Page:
His name was not mentioned and he was not discussed, but the board voted to terminate his employment, 5-2.
Thomas Galovic, the chief financial officer for Greater Clark County Schools, was fired by a majority of the district’s board of trustees Tuesday night, with board members Becca Christensen and Nancy Kraft voting against the measure. His termination is effective March 30.
Galovic was one of two people signed up to give public comment on agenda items. In a prepared speech, he said he felt he was treated unjustly by the school board.“I have had no evaluation in 20 months, no due process given in this case, no progressive discipline taken ...” Galovic said in his speech. “When approached again about why I was going to be terminated I was told ‘because the board wants you out and they will come after you without my recommendation or with it.’”
He went on to say that he was never made aware of any violation of state law, board policy or code of the state board of accounts.
After Christensen motioned to vote on the certified and classified personnel reports separately, the board voted unanimously to accept the certified employee report. There was no discussion on the classified employee report before a vote was taken.
Martin Bell, chief operating officer for the district said the board can only discuss specific employees on those reports in executive session. They can’t have public discussion about those employees without violating state codes.
But in a letter from superintendent Stephen Daeschner to Galovic — dated Feb. 6, 2012 — Daeschner outlines some of the circumstances that led to his recommendation that Galovic be terminated.
“The biggest concern that surfaced during this investigation and during our meeting is the fact that you fail to understand the significance of the loss of trust and faith that your peers and Board Members have in your ability to continue to serve Greater Clark in a top management position,” according to the letter. “You offered nothing to help re-establish the trust or repair the damage done.”
According to the letter, some of Galovic’s behavior, including initiating conversations with members of the media about his lack of faith in the board resulted in that loss of trust, but also says some disparaging comments about cabinet members to board members also resulted in feelings of distrust against him.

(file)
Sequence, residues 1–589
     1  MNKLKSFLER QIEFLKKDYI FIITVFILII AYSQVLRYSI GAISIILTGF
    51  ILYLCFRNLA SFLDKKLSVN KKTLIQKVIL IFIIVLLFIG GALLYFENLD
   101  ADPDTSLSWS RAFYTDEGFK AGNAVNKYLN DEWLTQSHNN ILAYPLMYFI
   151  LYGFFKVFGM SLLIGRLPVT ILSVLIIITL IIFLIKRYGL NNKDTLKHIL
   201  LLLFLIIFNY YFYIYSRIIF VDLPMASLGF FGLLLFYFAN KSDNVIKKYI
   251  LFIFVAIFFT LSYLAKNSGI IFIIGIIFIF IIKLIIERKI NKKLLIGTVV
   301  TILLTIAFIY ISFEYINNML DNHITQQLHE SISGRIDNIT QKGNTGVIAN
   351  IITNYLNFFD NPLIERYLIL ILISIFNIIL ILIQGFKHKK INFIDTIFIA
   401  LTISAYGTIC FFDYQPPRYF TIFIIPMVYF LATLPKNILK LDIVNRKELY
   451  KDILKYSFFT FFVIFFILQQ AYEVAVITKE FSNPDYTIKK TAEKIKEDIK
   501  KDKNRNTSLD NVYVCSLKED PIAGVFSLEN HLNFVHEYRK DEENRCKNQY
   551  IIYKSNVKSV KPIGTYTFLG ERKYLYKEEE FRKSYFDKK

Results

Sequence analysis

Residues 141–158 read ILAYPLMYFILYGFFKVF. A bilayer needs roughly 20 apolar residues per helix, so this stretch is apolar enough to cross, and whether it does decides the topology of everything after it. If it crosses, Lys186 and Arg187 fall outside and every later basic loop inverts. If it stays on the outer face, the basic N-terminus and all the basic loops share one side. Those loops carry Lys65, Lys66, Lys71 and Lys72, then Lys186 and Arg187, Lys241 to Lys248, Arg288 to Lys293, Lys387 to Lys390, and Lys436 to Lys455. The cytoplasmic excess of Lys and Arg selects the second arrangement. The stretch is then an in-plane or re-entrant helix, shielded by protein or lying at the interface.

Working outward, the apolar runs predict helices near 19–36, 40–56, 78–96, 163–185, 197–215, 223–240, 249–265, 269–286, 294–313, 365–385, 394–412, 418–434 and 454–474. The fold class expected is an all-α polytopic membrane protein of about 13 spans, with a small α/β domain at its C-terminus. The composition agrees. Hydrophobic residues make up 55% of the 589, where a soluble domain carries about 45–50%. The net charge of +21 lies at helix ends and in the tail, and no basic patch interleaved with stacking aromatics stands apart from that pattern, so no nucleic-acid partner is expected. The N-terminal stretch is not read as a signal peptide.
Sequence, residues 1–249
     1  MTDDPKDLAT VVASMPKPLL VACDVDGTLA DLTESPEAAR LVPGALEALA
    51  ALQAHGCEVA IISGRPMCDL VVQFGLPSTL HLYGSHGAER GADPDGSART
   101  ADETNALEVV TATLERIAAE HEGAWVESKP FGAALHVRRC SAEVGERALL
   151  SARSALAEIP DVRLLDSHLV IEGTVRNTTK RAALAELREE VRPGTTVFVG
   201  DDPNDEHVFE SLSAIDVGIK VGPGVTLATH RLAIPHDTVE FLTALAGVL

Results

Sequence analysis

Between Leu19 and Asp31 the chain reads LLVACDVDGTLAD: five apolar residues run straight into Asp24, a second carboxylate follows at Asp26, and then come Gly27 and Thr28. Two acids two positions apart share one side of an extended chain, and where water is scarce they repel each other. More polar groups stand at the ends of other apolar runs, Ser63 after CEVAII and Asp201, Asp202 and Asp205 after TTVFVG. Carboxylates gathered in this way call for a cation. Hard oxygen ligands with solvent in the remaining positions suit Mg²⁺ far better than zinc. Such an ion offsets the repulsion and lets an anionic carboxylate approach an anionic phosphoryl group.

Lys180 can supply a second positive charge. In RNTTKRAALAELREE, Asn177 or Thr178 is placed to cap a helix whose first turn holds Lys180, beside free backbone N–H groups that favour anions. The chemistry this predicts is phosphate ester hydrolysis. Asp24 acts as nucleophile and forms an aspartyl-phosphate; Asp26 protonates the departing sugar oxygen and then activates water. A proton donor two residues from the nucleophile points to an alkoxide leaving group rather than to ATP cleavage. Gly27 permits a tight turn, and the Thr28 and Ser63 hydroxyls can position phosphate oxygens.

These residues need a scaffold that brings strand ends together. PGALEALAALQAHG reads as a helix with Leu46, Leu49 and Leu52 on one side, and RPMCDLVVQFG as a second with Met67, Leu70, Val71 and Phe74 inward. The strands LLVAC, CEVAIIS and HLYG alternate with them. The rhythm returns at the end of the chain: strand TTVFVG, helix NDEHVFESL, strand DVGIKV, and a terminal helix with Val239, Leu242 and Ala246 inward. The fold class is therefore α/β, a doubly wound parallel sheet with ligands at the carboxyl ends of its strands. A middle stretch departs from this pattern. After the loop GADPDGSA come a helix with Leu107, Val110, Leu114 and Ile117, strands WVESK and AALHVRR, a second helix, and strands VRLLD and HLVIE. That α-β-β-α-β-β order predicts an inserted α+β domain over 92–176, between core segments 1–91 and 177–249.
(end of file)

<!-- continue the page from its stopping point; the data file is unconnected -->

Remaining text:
But his letter also said that as an at-will employee of the district, board policy does not require any further due process once the superintendent makes a recommendation.
After the meeting, Mark Pavey, vice president of the board, said concerns were communicated to some of the board members before Galovic’s investigation was launched in January. He said he and the others who approached Daeschner about the investigation — board secretary Kevin Satterly and board president Christina Gilkey — were doing what they needed to do.
“I don’t know that it was board policy violations or not,” Pavey said. “But there was cause of concern from multiple sources about several topics and we felt like, as elected officials, that we needed to get that investigated.”
But the letter also alludes to an event at Parkview Middle School that “should not have originated” with Galovic.
In documents obtained by the News and Tribune, Satterly, Gilkey and Pavey met with Daeschner on Dec. 23, 2011 to ask about a payment to a former board member that came from a donation. The payment was rendered through the school’s extra curricular account.
The money was returned after “very little” services were rendered.
Galovic declined to comment after the board approved his termination. He has an attorney representing him, but has not indicated whether legal action would be taken against the board or the district.